With one exception, all nonrandomized studies failed to report exclusion rates. Among randomized studies, the median exclusion rate for both treatment arms was 56%. In addition, of the three randomized studies with no exclusions, one (25) disenrolled 30% of the partial hospitalization subjects upon randomization (included in the exclusion rate—see Method section) and eventually transferred 22% of partial care enrollees, while another (36) transferred 61% of its partial hospitalization subjects (t1). Regardless of study design, the most frequent exclusion criterion was, by far, "too severely ill" (i.e., dangerousness to self or others; disruptive behavior). Other frequent exclusion criteria were cognitive impairment and antisocial behavior.
With the exception of matched-design studies, full hospitalization programs tended to have a greater share of male subjects and nonaffective psychoses, a pattern better discernible among randomized investigations. Illness severity varied widely across studies, regardless of design (range=0%–96%). Extent of family involvement also varied substantially, with rates lowest in matched-design studies (range=19%–33%), intermediate in observational studies (range=28%–60%), and highest in randomized studies (range=42%–87%). Treatment sites offered similar interventions in eight of the 12 studies with program information; most programs were either eclectic or nondirective. Residential services were readily available for partial hospitalization patients in only one investigation (37).
Methodological quality was characterized as fair or poor in 11 and two studies, respectively. Validity was typically compromised by lack of baseline comparability between groups, unblinded assessments, or high rates of attrition, while high volumes of exclusions or transfers typically resulted in low generalizability. Other common deficiencies were insufficient reporting of key information, selective reporting of significant results, and use of measures with unknown reliability, most of which were nonstandardized.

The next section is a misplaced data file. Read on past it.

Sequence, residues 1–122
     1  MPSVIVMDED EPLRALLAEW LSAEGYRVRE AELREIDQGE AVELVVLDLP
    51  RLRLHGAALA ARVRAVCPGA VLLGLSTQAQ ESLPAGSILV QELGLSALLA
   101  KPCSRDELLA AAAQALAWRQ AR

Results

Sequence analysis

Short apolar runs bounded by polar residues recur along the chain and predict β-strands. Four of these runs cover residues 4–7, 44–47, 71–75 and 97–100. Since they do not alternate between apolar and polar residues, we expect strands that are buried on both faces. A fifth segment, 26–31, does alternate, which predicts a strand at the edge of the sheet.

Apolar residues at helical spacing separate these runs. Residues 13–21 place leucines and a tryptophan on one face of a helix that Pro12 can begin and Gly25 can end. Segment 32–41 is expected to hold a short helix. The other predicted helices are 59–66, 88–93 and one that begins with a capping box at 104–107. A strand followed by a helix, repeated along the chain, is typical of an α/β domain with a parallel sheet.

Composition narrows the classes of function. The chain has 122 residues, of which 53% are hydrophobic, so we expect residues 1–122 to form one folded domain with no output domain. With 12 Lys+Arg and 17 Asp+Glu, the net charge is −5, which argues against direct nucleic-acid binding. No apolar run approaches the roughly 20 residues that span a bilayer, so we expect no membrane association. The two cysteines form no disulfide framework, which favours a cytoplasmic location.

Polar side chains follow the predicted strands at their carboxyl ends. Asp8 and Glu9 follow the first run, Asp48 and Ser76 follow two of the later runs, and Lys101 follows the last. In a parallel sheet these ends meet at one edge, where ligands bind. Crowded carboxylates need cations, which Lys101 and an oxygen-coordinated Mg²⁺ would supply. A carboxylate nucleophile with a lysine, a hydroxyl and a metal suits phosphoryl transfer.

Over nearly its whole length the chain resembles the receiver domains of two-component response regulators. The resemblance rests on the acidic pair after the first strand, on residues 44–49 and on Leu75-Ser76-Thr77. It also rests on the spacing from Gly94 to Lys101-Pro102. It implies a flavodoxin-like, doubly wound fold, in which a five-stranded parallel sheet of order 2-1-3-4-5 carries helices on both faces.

Most investigations detected comparable improvement for partial and full hospitalization patients in both psychopathology and social functioning, domains assessed by 18 and 16 studies, respectively. Exceptions to this general trend were reports of poor functional outcomes across the board (36), differential speed of recovery on symptom (27, 46) or functional (30, 39) measures, or greater social adjustment gains for partial hospitalization patients (24, 27, 42, 43, 46, 47). Two investigations that assessed family burden found a delayed advantage for partial hospitalization (39, 48), whereas the other two found no differences (30, 31). Four of the five studies that assessed satisfaction found an advantage for partial hospitalization (25, 29, 32, 42). Service utilization was assessed by 10 studies. While most investigations found comparable rehospitalization rates (24, 25, 27, 29, 30, 32, 37), of the three studies with discharge information (24, 27, 30), two (24, 27) found that partial hospitalization patients were discharged sooner. Only five investigations performed subgroup analyses by diagnosis (25, 30, 36, 37, 43).
Four of the 18 studies (32, 37, 39, 47) provided sufficient information to estimate effect sizes for all published results. Conversely, inadequacies in data reporting prevented us from computing effect sizes for any of the results published by two studies (31, 48) that had suggested nondifferential psychopathology and social functioning outcomes.